The madness that stirs from a presidential election usually dies down shortly after election night.
This year, however, in a cycle that broke away from all norms, that was not the case.
In fact, it seems that only now in April, nearly five months later, the ruckus caused from the 2016 Presidential Election has quieted.
Regardless of how you felt over the results, it is fairly safe to say Donald Trump’s victory on November 8th surprised everyone.
Now, with the Trump Administration in full swing, LendEDU thought it would be a good idea to kick back up some of the buzz from that night in November that no one saw coming.
In a new study, LendEDU has evaluated the financial health of every state that was won by President Trump and Hillary Clinton.
Using Experian’s Premier Aggregated Credit StatisticsSM dataset, we were able to find the average VantageScore 3.0®1 credit score for every U.S. state and the District of Columbia. Once this was completed, states were assigned a “Republican” or “Democratic” designation based on which way that state voted in the 2016 Presidential Election.
Credit scores for each state in the “Republican” or “Democratic” group were aggregated together using a weighted average taking into account the population of a given state. The impact a state’s credit score had on its respective party’s average credit score was limited to the population of that state.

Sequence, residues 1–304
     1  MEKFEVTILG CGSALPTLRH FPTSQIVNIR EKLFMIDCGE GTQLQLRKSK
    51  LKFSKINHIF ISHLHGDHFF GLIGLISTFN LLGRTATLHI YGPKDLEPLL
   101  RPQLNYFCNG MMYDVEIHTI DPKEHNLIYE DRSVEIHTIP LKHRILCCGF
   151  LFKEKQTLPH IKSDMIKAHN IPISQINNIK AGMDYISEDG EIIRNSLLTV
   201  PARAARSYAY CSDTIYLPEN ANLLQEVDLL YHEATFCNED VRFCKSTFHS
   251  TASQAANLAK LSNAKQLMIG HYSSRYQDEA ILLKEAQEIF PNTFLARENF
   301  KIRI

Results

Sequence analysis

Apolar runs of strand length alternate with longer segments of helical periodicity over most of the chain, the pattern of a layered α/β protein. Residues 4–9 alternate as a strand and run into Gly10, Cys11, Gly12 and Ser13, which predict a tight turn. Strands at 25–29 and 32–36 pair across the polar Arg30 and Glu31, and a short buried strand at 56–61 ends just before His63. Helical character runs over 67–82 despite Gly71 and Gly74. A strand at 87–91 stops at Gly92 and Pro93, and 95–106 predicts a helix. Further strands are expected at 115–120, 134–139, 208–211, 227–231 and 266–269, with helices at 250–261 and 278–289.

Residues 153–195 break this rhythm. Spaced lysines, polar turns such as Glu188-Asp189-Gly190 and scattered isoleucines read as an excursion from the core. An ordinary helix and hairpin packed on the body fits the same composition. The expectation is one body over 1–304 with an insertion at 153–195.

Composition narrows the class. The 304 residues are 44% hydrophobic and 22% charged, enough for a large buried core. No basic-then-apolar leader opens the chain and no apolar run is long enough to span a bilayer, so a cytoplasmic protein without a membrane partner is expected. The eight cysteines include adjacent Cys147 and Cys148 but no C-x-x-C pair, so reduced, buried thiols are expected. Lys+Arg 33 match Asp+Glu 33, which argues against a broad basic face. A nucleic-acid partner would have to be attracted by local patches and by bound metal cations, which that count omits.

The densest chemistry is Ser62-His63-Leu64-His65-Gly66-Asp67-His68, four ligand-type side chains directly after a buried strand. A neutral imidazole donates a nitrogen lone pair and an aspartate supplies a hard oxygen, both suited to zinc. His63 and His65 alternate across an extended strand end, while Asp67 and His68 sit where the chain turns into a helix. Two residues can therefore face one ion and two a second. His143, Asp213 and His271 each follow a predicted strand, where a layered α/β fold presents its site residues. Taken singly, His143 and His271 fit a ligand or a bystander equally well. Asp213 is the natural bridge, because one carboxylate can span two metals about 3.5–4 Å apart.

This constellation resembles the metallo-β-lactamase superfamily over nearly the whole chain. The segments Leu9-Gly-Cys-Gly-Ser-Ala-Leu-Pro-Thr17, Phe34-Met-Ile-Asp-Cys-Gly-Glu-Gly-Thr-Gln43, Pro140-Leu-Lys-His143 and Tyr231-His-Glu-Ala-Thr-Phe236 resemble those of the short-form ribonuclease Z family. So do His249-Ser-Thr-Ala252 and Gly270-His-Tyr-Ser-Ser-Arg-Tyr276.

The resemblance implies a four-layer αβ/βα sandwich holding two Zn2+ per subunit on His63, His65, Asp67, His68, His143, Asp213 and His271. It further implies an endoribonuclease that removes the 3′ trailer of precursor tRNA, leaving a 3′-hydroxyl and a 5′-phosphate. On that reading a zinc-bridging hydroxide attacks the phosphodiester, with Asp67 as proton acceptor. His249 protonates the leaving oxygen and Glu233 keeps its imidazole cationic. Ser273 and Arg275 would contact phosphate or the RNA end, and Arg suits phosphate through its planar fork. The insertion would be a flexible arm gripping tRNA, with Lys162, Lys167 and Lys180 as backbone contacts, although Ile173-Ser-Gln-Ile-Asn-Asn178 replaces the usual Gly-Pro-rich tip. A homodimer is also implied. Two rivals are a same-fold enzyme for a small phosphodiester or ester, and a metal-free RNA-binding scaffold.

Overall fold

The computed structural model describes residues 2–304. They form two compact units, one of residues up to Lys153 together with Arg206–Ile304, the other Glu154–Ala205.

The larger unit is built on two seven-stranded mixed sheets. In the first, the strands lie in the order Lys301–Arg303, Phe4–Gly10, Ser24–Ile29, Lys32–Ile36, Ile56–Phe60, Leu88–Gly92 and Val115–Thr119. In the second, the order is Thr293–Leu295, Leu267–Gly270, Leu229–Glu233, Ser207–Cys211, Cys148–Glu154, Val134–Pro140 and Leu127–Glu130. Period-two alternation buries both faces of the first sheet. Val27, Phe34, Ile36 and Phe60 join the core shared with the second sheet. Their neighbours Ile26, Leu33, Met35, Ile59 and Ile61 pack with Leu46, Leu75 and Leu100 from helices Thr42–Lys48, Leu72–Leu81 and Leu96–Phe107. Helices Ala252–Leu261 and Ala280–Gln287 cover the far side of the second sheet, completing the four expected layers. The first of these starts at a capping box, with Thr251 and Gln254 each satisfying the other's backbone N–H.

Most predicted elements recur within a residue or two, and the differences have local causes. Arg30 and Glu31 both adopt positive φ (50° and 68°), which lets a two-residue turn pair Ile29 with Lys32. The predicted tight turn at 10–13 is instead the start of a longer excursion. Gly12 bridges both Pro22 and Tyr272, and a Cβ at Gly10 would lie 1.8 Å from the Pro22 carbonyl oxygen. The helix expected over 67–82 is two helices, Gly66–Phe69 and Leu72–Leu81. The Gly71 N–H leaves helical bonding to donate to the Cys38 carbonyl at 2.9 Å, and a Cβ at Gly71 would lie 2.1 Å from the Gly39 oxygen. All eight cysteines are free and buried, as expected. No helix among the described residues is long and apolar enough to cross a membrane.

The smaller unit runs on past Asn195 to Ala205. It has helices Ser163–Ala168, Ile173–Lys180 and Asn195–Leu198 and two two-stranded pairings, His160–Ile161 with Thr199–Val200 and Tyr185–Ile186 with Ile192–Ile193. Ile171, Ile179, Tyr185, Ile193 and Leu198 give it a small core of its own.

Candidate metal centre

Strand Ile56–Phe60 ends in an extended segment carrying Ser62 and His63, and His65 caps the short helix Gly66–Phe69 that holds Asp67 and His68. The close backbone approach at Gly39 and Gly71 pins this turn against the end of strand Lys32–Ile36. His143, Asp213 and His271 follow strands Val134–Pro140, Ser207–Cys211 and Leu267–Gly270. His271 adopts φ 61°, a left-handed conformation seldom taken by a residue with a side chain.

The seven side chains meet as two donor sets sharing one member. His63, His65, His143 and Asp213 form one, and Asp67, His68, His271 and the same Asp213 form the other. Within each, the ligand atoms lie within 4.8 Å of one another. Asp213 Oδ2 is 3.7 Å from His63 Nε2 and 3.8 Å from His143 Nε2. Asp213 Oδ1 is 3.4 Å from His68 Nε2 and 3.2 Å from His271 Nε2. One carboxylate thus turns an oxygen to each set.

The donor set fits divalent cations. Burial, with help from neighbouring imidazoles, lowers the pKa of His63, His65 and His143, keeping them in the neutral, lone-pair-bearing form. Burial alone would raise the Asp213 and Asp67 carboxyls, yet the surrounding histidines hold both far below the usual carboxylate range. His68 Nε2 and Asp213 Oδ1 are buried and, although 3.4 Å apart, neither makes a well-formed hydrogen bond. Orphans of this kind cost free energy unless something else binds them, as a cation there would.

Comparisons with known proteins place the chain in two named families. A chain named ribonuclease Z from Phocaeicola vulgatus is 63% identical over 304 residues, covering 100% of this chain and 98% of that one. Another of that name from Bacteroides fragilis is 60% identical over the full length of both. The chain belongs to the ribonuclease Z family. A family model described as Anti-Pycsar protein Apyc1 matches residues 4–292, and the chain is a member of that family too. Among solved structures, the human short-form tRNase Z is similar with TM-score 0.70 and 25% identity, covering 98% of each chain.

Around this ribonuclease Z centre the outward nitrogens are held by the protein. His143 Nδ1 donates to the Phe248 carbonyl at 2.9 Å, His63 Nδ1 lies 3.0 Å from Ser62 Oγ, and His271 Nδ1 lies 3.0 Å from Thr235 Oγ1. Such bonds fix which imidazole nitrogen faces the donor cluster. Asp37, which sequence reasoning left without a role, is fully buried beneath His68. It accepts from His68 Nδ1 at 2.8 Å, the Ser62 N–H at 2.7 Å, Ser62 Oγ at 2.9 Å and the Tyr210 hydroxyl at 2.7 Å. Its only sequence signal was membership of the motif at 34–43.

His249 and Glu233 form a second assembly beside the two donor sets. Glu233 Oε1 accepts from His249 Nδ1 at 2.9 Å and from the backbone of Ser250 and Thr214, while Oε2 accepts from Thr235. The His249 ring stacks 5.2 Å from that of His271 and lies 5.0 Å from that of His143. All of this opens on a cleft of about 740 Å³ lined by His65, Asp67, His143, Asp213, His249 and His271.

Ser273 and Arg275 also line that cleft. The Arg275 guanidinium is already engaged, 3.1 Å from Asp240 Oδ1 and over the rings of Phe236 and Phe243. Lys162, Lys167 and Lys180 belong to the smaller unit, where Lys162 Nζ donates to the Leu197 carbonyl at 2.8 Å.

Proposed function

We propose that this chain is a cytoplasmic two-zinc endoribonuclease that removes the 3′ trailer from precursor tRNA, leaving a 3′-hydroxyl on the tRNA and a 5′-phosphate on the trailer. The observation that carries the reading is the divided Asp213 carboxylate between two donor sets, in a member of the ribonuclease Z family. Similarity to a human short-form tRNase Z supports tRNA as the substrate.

The final results revealed the combined average credit score of the states that went to President Trump and the states taken by Mrs. Clinton on November 8th, 2016.
States Won By Donald Trump Had An Average Credit Score Nearly 20 Points Lower Than States Won By Hillary Clinton
The average VantageScore 3.0 credit score for states that went red for Donald Trump in the 2016 Presidential Election was 673. In comparison, states that went blue for Hillary Clinton posted an average credit score of 692.
Both of these numbers fall within the “C” range on VantageScore’s model
The average credit score of a state is a useful statistic when evaluating their economic outlook. It represents the financial health of that state’s residents. A state’s average credit score will drop if that state is experiencing rising unemployment, falling income levels, and an increase in default rates on mortgages and loans. Contrarily, if all of those economic indicators are doing the opposite then the average credit score will rise.
>> Read More: What is a good credit score
Some interesting takeaways can be derived from the fact that the states Hillary Clinton carried posted an average credit score nearly 20 points higher than those that Donald Trump took home.
First, this data on average state credit scores can at least try to help answer the question a lot of people have been asking: How did Donald Trump pull off such an astonishing victory?
Perhaps, states that went red for Donald Trump had experienced the most economic hardships over the past decade. This would help explain why these states had a lower average credit score than the states carried by Hillary Clinton.
So, maybe the residents of Republican states in the 2016 Presidential Election noticed their decrease in financial security and found an easy scapegoat in the Democratic Party.
A quick analysis of the crucial swing states in the election reveals that this just might have been the case.